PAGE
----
Have you ever wondered why global markets have been so calm since the volatile first quarter? Well, the halt in the U.S. dollar’s appreciation played a major role: It helped stabilize commodity prices, end the U.S. manufacturing recession and soothe fears about both aggressive Chinese currency depreciation and excessive dollar debt in emerging markets (EM).
However, during October the dollar rallied by 3% against other developed market (DM) currencies, as measured by the dollar index (DXY). Given the damage done by the (albeit much, much larger) dollar appreciation in 2014–2015, it’s worth considering how likely it is that the dollar will rise significantly from here.
For starters, consider why the dollar strengthened recently: A rising likelihood of more divergent global monetary policy has played an important role. Markets are now pricing in a 75% chance of a 25 basis point Fed rate hike in December, up from about 50% around the time of the September Fed meeting. Meanwhile, European Central Bank (ECB) President Mario Draghi recently reassured markets that an early end of quantitative easing (QE) is not in the cards. And in Japan, while a further easing of monetary policy seems unlikely to us, the fact that the Bank of Japan keeps 10-year government bond yields more or less anchored at the 0% target while rates elsewhere have been rising has contributed to a weakening of the yen.
Memories of 2014–2015 are still fresh
However, we do not expect the dollar’s rally to gain much steam from here. The memories of the 2014–2015 strong dollar episode are still very much alive among policymakers and will likely limit the appetite for excessive monetary policy divergence and competitive currency depreciation. In other words, what I have called the “Shanghai co-op” – a mutual understanding of all relevant parties involved in the February 2016 G-20 meeting that excessive dollar strength was bad for everyone – appears still to be very much in place.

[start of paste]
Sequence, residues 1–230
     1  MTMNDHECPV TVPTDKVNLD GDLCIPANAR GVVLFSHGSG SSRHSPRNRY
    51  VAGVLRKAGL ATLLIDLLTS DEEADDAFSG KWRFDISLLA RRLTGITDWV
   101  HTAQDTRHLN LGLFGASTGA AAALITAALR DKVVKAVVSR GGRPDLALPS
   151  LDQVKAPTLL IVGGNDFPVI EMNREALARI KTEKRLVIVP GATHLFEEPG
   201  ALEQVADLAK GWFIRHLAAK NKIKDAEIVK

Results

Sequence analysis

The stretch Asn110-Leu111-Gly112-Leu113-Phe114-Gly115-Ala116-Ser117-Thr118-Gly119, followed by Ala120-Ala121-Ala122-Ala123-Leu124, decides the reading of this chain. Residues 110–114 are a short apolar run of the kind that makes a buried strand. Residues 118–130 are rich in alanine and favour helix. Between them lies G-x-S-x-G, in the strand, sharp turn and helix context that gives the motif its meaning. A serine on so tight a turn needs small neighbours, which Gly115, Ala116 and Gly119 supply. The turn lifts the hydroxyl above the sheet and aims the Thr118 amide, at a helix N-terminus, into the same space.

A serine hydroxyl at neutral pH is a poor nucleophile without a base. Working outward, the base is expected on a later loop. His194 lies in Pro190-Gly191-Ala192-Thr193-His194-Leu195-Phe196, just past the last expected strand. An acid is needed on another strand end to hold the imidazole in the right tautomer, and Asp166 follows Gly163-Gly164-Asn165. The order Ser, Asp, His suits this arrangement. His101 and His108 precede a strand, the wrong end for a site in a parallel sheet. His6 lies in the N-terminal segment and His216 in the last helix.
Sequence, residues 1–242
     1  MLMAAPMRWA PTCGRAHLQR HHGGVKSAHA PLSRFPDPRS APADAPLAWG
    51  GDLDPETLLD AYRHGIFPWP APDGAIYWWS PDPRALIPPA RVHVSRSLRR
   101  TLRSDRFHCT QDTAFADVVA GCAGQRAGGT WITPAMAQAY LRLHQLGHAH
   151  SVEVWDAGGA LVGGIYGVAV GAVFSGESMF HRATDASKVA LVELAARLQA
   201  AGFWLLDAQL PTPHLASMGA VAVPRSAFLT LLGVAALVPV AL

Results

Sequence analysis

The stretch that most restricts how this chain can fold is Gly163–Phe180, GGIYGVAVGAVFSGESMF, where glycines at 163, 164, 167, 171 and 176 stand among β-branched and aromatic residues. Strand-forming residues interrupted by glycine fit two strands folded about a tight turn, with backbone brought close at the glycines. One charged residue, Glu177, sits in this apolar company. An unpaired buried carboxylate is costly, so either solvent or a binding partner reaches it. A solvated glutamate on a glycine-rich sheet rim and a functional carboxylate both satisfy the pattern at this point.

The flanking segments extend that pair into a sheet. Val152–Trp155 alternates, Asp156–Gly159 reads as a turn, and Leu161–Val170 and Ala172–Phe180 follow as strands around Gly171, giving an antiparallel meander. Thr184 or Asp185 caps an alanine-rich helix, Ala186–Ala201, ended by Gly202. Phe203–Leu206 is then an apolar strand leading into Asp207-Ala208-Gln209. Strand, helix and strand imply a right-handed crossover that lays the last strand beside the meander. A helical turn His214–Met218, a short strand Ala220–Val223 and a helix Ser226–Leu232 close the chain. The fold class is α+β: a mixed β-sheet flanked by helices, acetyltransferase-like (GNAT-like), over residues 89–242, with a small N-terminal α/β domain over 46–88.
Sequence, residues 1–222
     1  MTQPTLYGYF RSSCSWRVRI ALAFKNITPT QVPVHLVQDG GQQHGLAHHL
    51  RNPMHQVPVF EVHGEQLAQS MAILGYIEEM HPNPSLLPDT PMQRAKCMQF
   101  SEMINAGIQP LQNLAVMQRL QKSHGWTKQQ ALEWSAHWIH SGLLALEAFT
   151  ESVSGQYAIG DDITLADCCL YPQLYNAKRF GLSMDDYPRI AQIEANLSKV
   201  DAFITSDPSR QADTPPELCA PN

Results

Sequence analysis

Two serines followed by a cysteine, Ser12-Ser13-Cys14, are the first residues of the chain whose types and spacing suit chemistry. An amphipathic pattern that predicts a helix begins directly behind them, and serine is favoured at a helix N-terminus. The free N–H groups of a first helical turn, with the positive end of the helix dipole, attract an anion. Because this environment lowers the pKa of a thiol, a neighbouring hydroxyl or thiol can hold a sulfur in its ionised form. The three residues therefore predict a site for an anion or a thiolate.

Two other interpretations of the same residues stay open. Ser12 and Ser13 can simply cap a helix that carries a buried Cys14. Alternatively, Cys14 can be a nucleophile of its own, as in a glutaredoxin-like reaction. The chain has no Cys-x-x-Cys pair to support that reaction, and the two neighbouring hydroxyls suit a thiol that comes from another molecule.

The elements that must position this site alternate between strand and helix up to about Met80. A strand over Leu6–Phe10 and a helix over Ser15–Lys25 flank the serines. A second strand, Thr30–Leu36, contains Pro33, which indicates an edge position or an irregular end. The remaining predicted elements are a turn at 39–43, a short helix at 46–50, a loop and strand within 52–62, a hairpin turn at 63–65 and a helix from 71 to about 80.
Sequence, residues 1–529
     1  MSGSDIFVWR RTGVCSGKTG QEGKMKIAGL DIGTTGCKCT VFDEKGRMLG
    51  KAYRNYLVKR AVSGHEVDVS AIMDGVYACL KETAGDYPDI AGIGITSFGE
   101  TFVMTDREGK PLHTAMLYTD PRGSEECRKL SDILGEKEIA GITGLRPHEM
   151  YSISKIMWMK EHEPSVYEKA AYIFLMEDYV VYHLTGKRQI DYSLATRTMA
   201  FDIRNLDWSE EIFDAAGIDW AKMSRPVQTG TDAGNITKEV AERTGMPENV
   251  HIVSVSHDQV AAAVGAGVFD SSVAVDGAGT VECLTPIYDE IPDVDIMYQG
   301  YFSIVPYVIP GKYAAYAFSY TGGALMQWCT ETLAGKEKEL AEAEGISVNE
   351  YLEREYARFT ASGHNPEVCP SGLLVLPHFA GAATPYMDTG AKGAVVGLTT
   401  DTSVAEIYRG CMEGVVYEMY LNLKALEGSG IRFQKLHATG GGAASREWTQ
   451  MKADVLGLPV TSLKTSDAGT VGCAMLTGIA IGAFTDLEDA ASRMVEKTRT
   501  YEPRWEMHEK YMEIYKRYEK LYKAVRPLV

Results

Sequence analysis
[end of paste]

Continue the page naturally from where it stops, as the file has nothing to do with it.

In practice, this means that the Fed will aim (again) at making the December rate hike the most dovish in history by emphasizing that the future rate path will be very shallow. Janet Yellen’s “high-pressure economy” comment is likely to prompt further discussion in future Fed communications. In turn, the Bank of Japan and the ECB will likely continue to refrain from cutting rates further into negative territory and will rather keep focusing on domestic easing.
One motivation for de-emphasizing monetary policy divergence is that excessive dollar strength would encourage a more aggressive depreciation of the Chinese yuan against the dollar, given the Chinese authorities’ desire to prevent yuan appreciation vis-à-vis the broad currency basket they are targeting. Trade-weighted depreciation or broad stability seem fine in their view, but appreciation is not. Another motivation is that excessive dollar strength would harm EM dollar debtors and commodity prices – and could thus undermine the recovery in the commodity complex in EM and within the U.S.
Valuations also argue against a further strong appreciation: Compared with when the big 2014–2015 dollar rally started, the greenback is no longer undervalued. Europe’s and Japan’s structural current account surpluses lend fundamental support to the euro and the yen, and the European banks’ woes curtail the sector’s ability and willingness to recycle the eurozone’s savings surplus (and particularly Germany’s 8% of GDP) into foreign assets. This leads to structural upward pressure on the euro that is only just being neutralized by easy ECB monetary policy.
All told, we expect the dollar to remain in a broad “Shanghai co-op” range versus the euro and yen despite its recent appreciation, because this is what is in the interest of all the relevant actors following the 2014–2015 experience. If so, we think being long a diversified basket of high-carry EM currencies against the dollar continues to makes sense.
Joachim Fels is PIMCO’s global economic advisor and a regular contributor to the PIMCO blog.